While the war in Yemen remains inconclusive, Saudi Arabia is escalating its intervention in Syria. Unlike the Yemeni theater, where the Saudis are the largest military force, the Syrian battleground will be more complex for Riyadh. The Saudis will be partnering with Turkey, and Riyadh and Ankara are not in complete agreement. Iran’s support for the Syrian government will also complicate matters, as will U.S. nervousness about jihadists filling any vacuum left in Damascus if the government falls. Moreover, the U.S.-led coalition operations against the Islamic State in Syria will not make the situation simpler.
Nevertheless, Saudi Arabia and Turkey have reportedly agreed on a deal to greatly enhance support for rebels fighting Syrian President Bashar al Assad’s government forces. Separately, AFP reported that Syrian opposition forces had said the Saudi kingdom wants to unite most of Syria’s rebel factions and is organizing a gathering in mid-June to this end. Meanwhile, Turkish and Qatari foreign ministers are meeting to discuss Syria and other regional issues.
The Turks and the Qataris have long been allies, supporting each other in Syria and across the region. But the Saudis joining this group is a development that began when the new monarch, Saudi King Salman, took office back in late January. Earlier this week we published a report outlining how Turkey and Saudi Arabia may cooperate tactically, but they are strategic competitors for leadership of the Middle East.
In the context of Syria, Riyadh needs Ankara because Turkey’s long border with Syria gives it a great deal of influence in the Levantine country. Likewise, Turkey knows it cannot act in an Arab country without Saudi Arabia being on board with the plan, especially since the kingdom’s financial muscle enables it to influence many of the factions fighting in Syria. This mutual dependence does not make for more than an uneasy alignment because of the divergent natures of the region’s two major Sunni players.
For now, though, the shared goal of toppling al Assad has Riyadh and Ankara cooperating, at least on unifying the rebels. Given the rebels’ fractured nature, the key role al Qaeda’s Syrian branch Jabhat al-Nusra played in rebel victories, the Islamic State factor and the involvement of Kurdish separatist forces, Turkey will have to take a more assertive military role at some point. To this end, Turkey has even talked of creating “safe zones” — or sending in forces — in northern Syria. Turkey is the only regional power that can insert troops into Syria. But in terms of air support, Turkey could collaborate with Saudi Arabia, Qatar and other Gulf states — especially the United Arab Emirates — and Jordan, which is escalating its involvement in its northern neighbor.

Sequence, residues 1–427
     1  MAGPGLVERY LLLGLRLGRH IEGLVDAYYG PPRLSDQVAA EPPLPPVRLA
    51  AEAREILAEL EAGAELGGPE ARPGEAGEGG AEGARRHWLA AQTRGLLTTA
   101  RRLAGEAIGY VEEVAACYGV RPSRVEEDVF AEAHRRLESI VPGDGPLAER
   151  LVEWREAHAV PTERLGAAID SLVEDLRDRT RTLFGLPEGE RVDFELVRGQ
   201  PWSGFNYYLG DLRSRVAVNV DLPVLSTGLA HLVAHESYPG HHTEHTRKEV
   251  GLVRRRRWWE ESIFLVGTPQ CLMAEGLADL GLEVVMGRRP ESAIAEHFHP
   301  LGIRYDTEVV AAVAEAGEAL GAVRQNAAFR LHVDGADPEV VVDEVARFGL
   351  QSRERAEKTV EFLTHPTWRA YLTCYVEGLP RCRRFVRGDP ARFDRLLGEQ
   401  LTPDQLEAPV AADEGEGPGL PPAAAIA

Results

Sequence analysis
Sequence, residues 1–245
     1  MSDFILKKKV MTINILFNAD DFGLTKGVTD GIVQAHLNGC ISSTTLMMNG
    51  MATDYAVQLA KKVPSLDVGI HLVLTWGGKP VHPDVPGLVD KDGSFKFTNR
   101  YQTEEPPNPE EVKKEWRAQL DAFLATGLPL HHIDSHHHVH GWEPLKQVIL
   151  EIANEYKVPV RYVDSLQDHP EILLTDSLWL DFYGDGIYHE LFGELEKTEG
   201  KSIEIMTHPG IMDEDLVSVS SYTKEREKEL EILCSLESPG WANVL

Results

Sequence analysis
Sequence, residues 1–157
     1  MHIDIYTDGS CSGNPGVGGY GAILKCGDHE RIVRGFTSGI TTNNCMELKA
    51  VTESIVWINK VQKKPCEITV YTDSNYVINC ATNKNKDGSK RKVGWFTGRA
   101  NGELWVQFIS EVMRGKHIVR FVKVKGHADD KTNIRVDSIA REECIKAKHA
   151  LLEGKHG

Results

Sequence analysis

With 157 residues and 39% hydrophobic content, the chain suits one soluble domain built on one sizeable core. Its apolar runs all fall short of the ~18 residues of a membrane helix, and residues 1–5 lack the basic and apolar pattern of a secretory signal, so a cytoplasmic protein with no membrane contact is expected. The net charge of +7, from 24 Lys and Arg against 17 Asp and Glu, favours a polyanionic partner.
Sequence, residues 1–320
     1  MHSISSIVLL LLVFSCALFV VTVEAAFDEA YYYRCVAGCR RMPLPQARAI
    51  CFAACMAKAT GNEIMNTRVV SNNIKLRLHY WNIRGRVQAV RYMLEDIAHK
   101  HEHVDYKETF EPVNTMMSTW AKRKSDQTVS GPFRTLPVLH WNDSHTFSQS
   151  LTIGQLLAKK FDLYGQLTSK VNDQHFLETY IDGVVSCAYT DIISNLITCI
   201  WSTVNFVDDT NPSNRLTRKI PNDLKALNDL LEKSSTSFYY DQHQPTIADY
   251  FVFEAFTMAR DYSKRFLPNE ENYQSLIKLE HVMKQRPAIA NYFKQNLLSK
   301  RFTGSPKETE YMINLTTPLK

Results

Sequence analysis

Another factor that has brought the two competing Sunni powers together is their shared frustration with U.S. unwillingness to take decisive action in Syria. From the U.S. perspective, the regional players ought to take the lead. At the same time, Washington has been wary of any plans to create a situation where the al Assad government falls and Syria becomes a vast ungoverned space that transnational jihadists are best positioned to exploit, which is precisely what happened in eastern Syria when the Islamic State declared its so-called caliphate.
In the light of the rebel victories in the northern province of Idlib, it is quite reasonable that at some point Turkish-Saudi-Qatari assistance will enable the rebels to topple the al Assad government. But such developments raise the question of what happens the next day in the minds of the rebels’ state sponsors. They are planning to meet next month to specifically discuss what happens when Damascus is in the hands of the rebels.
In order to cooperate, Qatar finally convinced Saudi Arabia that to effectively combat Iran’s growing influence in the region, Riyadh needed to ease its opposition to the Muslim Brotherhood. This stance has allowed Saudi Arabia to work with Turkey, which, along with Qatar, has been among the main state backers of the mainstream Islamist movement. Riyadh has decided to prioritize fighting Tehran and its allies for the time being. But it does not mean Saudi Arabia is now embracing the Muslim Brotherhood. It cannot, because the movement is antithetical to Saudi religious and political foundations.
This issue is critical when it comes to a future Syrian government, which the West, the Turks and the Qataris would want to be democratic. Moreover, Ankara and Doha want Muslim Brotherhood-style Islamists to dominate the new Syrian state. Riyadh does not. Such a state would only undermine the Saudis on the home front, who are going through a delicate transition.
However, most of the Syrian rebels are of one Salafist-jihadist persuasion or another, and getting them to accept a post-al Assad democratic setup will be extremely difficult. This difficulty may appear to be to Saudi Arabia’s advantage, but Riyadh has no alternative political model to offer either. Worse, jihadist forces will exploit this dispute, and the mess will pale in comparison to what happened when Islamist insurgents toppled the Marxist government in Afghanistan in 1992 — a process that catalyzed the growth of transnational jihadism.
And while Saudi Arabia and Turkey try to sort out how they will manage their joint aims in Syria, they also have to worry about the proxy war with Iran. For Tehran, losing Syria is unacceptable outcome.